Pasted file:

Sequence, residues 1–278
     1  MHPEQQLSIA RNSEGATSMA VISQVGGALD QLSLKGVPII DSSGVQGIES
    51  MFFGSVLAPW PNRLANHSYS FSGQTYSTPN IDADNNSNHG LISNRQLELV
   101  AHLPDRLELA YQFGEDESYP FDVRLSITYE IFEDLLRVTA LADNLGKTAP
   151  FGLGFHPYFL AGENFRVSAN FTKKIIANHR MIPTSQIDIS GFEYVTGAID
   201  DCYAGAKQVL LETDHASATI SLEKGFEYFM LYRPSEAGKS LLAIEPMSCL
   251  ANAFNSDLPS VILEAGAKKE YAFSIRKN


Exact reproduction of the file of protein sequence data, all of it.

Sequence, residues 1–278
     1  MHPEQQLSIA RNSEGATSMA VISQVGGALD QLSLKGVPII DSSGVQGIES
    51  MFFGSVLAPW PNRLANHSYS FSGQTYSTPN IDADNNSNHG LISNRQLELV
   101  AHLPDRLELA YQFGEDESYP FDVRLSITYE IFEDLLRVTA LADNLGKTAP
   151  FGLGFHPYFL AGENFRVSAN FTKKIIANHR MIPTSQIDIS GFEYVTGAID
   201  DCYAGAKQVL LETDHASATI SLEKGFEYFM LYRPSEAGKS LLAIEPMSCL
   251  ANAFNSDLPS VILEAGAKKE YAFSIRKN